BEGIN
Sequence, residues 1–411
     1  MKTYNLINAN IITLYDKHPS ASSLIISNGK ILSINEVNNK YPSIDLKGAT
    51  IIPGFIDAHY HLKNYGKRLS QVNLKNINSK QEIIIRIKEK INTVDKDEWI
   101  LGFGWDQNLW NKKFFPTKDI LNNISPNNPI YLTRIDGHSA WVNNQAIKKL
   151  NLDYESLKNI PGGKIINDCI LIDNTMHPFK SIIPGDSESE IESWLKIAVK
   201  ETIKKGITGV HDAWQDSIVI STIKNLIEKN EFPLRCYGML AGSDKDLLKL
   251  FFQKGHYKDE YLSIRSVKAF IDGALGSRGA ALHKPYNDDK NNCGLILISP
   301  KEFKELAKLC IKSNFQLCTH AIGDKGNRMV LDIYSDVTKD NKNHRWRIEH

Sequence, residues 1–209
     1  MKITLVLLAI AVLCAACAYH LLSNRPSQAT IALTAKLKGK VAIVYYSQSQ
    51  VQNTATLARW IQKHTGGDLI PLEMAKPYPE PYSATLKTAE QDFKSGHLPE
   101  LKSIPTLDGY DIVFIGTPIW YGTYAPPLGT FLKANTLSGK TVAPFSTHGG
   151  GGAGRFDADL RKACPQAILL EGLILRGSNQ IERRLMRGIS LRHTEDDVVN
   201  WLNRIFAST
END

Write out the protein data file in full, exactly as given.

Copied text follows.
Sequence, residues 1–411
     1  MKTYNLINAN IITLYDKHPS ASSLIISNGK ILSINEVNNK YPSIDLKGAT
    51  IIPGFIDAHY HLKNYGKRLS QVNLKNINSK QEIIIRIKEK INTVDKDEWI
   101  LGFGWDQNLW NKKFFPTKDI LNNISPNNPI YLTRIDGHSA WVNNQAIKKL
   151  NLDYESLKNI PGGKIINDCI LIDNTMHPFK SIIPGDSESE IESWLKIAVK
   201  ETIKKGITGV HDAWQDSIVI STIKNLIEKN EFPLRCYGML AGSDKDLLKL
   251  FFQKGHYKDE YLSIRSVKAF IDGALGSRGA ALHKPYNDDK NNCGLILISP
   301  KEFKELAKLC IKSNFQLCTH AIGDKGNRMV LDIYSDVTKD NKNHRWRIEH

Sequence, residues 1–209
     1  MKITLVLLAI AVLCAACAYH LLSNRPSQAT IALTAKLKGK VAIVYYSQSQ
    51  VQNTATLARW IQKHTGGDLI PLEMAKPYPE PYSATLKTAE QDFKSGHLPE
   101  LKSIPTLDGY DIVFIGTPIW YGTYAPPLGT FLKANTLSGK TVAPFSTHGG
   151  GGAGRFDADL RKACPQAILL EGLILRGSNQ IERRLMRGIS LRHTEDDVVN
   201  WLNRIFAST